Hidden Genome Treasures: The stretches of "junk DNA" that lie within genomes proved this year to be far more important than previously thought. This DNA, found between genes and between a gene's protein-coding regions, turns out to be essential for helping genes turn on at the right time and in the right place.
Pulsar Pair:Astrophysicists discovered the first known pair of pulsars, spinning neutron stars that shoot out jets of radiation. Further studies of these whirling objects may provide the most stringent examination yet of Einstein's general theory of relativity.
Plant and Animal Diversity Declines: Disturbing news about the decline of species diversity rolled in from large studies this year that surveyed amphibians, butterflies, plants and birds. Not only is species richness decreasing, additional evidence suggests that climate change is altering the natural history of many different areas.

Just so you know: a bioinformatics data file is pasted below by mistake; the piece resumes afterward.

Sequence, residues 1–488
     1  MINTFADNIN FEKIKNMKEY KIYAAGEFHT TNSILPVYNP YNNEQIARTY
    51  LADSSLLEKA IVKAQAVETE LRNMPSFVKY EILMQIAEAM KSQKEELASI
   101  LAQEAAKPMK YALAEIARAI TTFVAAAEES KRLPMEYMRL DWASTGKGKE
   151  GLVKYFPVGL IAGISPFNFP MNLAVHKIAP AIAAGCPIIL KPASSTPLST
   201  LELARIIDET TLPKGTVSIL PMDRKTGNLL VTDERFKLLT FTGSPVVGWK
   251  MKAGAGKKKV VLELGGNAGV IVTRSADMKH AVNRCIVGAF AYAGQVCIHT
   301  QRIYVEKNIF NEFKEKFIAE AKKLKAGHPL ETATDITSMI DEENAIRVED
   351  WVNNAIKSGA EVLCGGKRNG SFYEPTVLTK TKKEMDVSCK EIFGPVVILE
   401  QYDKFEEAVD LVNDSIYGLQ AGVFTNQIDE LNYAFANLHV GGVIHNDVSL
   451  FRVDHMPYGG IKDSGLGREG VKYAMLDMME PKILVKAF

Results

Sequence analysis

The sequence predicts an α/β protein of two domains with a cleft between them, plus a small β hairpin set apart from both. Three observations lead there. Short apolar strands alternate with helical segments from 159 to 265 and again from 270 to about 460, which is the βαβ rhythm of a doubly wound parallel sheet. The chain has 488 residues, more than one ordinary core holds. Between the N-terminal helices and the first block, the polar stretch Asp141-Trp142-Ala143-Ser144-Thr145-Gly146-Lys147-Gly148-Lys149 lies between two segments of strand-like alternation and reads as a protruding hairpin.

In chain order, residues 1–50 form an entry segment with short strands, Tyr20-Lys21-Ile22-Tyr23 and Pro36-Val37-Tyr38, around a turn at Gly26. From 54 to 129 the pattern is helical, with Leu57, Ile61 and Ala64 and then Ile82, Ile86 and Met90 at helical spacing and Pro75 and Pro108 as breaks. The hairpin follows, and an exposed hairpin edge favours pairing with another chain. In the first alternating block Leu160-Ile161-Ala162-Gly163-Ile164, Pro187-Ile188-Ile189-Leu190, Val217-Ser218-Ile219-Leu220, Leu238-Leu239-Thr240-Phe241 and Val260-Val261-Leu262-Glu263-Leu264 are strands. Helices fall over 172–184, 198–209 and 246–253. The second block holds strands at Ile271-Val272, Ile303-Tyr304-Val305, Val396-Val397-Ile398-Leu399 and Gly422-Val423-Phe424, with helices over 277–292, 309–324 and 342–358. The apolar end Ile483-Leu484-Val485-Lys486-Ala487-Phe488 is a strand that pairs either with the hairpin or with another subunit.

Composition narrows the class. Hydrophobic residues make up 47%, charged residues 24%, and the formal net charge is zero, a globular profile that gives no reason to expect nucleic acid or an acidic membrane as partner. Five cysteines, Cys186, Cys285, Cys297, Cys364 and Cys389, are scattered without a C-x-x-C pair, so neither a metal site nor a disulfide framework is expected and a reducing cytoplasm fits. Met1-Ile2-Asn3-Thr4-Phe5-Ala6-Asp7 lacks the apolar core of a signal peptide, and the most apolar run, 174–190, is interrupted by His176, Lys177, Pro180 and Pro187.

Water, Not Just on Mars: While evidence of an ancient, wet Mars grabbed the spotlight in 2004, advances in our understanding of water itself flowed freely as well. If they hold up, new results on the structure and chemical behavior of water could reshape fields from chemistry to atmospheric sciences.
Medicines for the World's Poor: "Public-private partnerships" emerged as a formidable force in 2004, affecting the way medicines are developed and delivered to developing countries. Joint ventures by foundations, rich countries, academics, pharmaceutical companies and other groups were behind several prominent initiatives this year, including a malaria vaccine trial and efforts to provide anti-HIV drugs.
Genes in a Drop of Water: In 2004, researchers hit on a new way to identify life forms too small and remote to see with the naked eye. They collected water
Contact: Jessica Lawrence-Hurt
American Association for the Advancement of Science